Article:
The second panelist, Jonathon Anderson, patent counsel with Eli Lilly, then addressed the session on some specific IP considerations for digital health businesses, considered particularly from the perspective of an established pharmaceutical/medical devices company.  Jonathon expanded on challenges such as patent eligibility for computer-implemented inventions following the US Supreme Court’s decision in Alice, the significance of shorter product lifecycles for digital health products as opposed to pharmaceutical products, and discussed the different types of protection available for graphical user interfaces in the US and their value (or perhaps lack thereof).  Jonathon also canvassed some of the challenges for digital health collaborations between pharmaceutical and medical device companies on the one hand, and universities, research organisations and start-ups on the other.  He offered some ‘tips and tricks’ for overcoming some of these challenges.  A key message of Jonathon’s was that an established business moving into the digital health space needs to be aware of “culture clash” – there are different lifecycle management techniques for digital health products and that what has worked successfully in the past for traditional medical devices or pharmaceuticals may not necessarily work with a new product offering in the digital health space." 
Finally, Osamu Yamamoto of Yusua & Hara spoke of the Japanese experience with digital health technology.  Unlike Australia and the US, Osamu-san pointed out that some of the challenges in those jurisdictions – such as patenting computer-implemented inventions and isolated genomic DNA sequences – do not necessarily apply in Japan.  A key take away from Osamu-san’s presentation was the importance of knowing the market in which the business intends to develop its digital health product or service.  Given Japan’s “super-aging” society, the Japanese government has adopted a number of measures aimed at promoting the development of digital healthcare.  One of these measures was the liberalisation of remote medical treatment, which has led to a number of new applications and systems for the provision of remote medical care.  Other measures have included reforms to laws to protect personal information and to enhance trade secrets protection.  These reforms have significantly changed the landscape for offering digital health products and services in Japan, demonstrating the importance of customising a strategy to the specific market in which the product or service will be developed.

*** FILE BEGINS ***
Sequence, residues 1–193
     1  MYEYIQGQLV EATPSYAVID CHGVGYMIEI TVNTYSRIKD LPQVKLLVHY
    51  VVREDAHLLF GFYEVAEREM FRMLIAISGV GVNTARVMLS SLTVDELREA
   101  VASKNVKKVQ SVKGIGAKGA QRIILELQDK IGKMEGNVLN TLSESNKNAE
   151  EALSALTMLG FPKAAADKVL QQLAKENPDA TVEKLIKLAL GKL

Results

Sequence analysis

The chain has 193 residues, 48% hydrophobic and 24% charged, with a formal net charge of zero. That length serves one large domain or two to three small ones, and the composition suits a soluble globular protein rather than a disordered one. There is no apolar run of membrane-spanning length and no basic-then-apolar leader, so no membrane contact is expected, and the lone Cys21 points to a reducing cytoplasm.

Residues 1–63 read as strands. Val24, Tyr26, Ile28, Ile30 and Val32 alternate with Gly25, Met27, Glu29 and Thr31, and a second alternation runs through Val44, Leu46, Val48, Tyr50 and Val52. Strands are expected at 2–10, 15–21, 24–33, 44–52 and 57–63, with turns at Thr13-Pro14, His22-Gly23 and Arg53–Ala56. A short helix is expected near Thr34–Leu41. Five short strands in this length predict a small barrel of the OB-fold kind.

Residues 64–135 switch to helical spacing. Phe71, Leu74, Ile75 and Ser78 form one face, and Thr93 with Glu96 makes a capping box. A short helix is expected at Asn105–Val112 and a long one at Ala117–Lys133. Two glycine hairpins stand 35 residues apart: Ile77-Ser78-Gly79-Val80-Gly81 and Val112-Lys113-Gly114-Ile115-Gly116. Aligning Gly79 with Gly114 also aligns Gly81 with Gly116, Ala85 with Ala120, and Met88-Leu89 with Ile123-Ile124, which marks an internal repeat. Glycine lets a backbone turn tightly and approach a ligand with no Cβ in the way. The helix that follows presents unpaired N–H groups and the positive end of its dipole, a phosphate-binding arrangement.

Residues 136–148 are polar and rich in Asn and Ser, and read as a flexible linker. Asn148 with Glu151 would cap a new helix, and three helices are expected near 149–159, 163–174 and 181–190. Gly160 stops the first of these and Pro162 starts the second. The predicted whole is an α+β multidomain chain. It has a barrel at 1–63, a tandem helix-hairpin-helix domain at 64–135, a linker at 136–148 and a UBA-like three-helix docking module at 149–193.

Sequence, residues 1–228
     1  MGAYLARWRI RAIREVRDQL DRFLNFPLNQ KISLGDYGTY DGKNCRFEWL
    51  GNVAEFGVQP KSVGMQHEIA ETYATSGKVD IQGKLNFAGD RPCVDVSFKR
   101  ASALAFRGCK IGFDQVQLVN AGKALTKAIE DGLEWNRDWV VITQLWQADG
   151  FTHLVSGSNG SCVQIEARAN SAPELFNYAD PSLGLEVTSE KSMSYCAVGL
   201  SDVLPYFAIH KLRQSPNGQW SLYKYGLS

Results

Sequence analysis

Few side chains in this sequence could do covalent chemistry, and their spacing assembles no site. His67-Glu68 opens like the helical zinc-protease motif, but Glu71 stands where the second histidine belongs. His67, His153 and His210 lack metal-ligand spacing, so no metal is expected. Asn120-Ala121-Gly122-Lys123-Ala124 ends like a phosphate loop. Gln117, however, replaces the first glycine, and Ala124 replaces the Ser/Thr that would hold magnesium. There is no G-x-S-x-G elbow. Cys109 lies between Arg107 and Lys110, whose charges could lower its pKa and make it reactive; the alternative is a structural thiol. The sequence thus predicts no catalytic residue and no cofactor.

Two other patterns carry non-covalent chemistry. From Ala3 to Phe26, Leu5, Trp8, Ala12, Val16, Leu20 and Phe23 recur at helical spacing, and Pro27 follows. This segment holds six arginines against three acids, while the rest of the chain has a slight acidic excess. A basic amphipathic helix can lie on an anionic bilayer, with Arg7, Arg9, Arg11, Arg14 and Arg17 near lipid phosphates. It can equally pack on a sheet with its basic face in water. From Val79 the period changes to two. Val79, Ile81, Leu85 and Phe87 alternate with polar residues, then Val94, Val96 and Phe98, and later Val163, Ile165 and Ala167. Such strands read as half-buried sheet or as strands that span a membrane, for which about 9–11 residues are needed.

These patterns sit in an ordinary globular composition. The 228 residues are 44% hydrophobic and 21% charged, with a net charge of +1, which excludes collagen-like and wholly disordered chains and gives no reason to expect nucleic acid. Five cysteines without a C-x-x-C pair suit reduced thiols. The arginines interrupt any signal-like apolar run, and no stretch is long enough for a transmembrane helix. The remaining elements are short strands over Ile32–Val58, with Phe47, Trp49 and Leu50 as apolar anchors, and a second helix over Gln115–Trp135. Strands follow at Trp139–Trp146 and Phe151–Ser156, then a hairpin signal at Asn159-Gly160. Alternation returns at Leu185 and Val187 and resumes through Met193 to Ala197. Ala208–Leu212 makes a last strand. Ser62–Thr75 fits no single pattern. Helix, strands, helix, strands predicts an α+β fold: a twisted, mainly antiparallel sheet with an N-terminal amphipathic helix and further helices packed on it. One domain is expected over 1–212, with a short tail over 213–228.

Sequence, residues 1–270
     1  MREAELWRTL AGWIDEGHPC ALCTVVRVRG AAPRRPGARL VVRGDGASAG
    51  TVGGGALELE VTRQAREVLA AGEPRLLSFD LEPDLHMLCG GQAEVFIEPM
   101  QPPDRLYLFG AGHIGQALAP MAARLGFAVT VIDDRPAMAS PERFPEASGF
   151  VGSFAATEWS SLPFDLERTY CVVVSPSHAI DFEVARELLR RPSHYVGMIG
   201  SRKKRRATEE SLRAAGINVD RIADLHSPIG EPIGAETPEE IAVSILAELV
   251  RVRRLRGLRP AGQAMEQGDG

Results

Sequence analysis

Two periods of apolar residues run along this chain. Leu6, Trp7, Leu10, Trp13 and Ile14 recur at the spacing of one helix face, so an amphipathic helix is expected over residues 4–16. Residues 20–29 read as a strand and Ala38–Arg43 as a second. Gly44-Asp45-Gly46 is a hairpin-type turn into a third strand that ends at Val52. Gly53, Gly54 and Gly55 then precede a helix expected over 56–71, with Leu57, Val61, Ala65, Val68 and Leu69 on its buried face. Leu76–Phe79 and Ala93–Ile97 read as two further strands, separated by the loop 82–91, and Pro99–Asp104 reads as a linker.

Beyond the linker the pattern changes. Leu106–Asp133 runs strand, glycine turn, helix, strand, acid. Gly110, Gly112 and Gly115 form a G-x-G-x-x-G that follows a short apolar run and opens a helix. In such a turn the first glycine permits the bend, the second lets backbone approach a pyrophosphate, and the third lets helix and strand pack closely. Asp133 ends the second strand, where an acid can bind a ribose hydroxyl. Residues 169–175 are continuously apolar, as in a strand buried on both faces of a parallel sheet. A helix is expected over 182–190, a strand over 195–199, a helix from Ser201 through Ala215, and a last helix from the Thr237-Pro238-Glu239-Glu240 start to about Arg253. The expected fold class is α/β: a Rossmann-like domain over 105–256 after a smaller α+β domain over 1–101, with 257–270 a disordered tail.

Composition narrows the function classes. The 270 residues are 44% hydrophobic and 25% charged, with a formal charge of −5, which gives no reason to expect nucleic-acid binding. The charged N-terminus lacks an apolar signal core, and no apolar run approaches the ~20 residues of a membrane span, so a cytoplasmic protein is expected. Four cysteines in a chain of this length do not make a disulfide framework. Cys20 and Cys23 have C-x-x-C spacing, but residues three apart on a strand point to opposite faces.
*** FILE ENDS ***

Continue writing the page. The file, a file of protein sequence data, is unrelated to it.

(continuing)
While cats might have nine lives, digital health businesses only get one shot at success.  The panel session establishes that having an appropriately tailored IP strategy, investing in smart partnerships and being open to non-traditional forms of IP protection might significantly extend a business’ chance of success."

AIPPI Congress Report 9: The middleman - intermediary liability

The only intermediary blocking the IPKat is interested
 in complying with is that of your computer screen
On Monday, AusKat AIPPI reporter Clare Cunliffe attended the AIPPI World Congress panel session on “The middleman – intermediary liability”. The session delved into the problem created by advanced technologies and increased global access to communication networks bring opportunities to exploit and infringe intellectual property rights online, by a variety of actors.  Clare reports:  
"This panel session discussed intermediary liability in the digital world in key jurisdictions, including the availability of site blocking injunctions and addressed the practical effects and inherent limitations of such injunctions in the digital era.
The session was moderated by Agris Bitāns, of Eversheds Sutherland. The speakers were Remy Chavannes of Brinkhof, Marketa Trimble of the University of Nevada, Justice John Nicholas of the Federal Court of Australia and Martin Hosking of Redbubble (an online retailer of artworks uploaded by users).